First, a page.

4 Smart Home Device Categories

Here’s a quick primer on four of the most popular smart home devices and some pros and cons for each.

1. Smart thermostats — They’re the top-selling smart home device. Around 33 million households in the United States had one as of 2020. “They’re the most natural place to start if you want to get into smart home tech,” Roth says. Smart thermostats let you create programmable temperature settings based on your schedule, the weather, and your own needs. Many smart thermostats incorporate artificial intelligence technology to learn your schedule and adjust heating and cooling according to when you’re home. They’ll turn off the AC while you’re at work and turn it on 30 minutes before you get home from work each day. “They definitely pay for themselves with energy savings,” Carey says.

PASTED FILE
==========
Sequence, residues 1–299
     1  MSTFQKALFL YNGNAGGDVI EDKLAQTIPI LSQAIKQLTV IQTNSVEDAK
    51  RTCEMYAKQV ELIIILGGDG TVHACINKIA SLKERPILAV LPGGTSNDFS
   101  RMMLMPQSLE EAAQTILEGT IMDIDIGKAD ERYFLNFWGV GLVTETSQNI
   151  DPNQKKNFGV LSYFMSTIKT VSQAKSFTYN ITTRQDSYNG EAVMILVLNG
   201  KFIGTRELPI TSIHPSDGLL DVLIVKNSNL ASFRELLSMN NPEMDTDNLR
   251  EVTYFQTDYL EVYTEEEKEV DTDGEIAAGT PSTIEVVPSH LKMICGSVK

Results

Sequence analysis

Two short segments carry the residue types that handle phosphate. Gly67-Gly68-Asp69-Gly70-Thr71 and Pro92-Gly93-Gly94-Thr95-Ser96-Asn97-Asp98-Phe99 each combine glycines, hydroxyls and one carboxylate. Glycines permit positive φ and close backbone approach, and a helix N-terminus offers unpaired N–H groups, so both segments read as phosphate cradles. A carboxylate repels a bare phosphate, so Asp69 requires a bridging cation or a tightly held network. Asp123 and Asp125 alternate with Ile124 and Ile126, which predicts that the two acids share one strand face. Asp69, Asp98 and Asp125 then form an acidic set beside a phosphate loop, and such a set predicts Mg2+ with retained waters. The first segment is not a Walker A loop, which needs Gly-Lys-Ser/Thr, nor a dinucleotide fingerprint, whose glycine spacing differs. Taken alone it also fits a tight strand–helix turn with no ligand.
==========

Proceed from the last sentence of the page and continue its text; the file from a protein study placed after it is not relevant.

Pros

  • Smart home thermostats reduce the use of heating and cooling systems when nobody is home. If your HVAC runs less, your utility bill will be lower.
  • They alert you when it’s time to change the filter and can tell you when your last maintenance check was, saving you costly repairs.

Cons

  • They can be complex to operate. “Setting up the profiles for vacation and sleep isn’t easy, so people can end up ignoring them or overriding them,” Roth says. “And the AI can annoy some people so that they override it. That defeats the purpose of having them.” 
  • Some require professional installation. 

2. Smart lighting This includes smart lightbulbs or smart switches. Both can be controlled remotely, via your smartphone when you’re miles away or with a voice assistant when you’re at home. You can program them to turn on or off at certain times and control their brightness.

Pros

  • Smart bulbs are simple to set up; you can screw them into a light fixture yourself.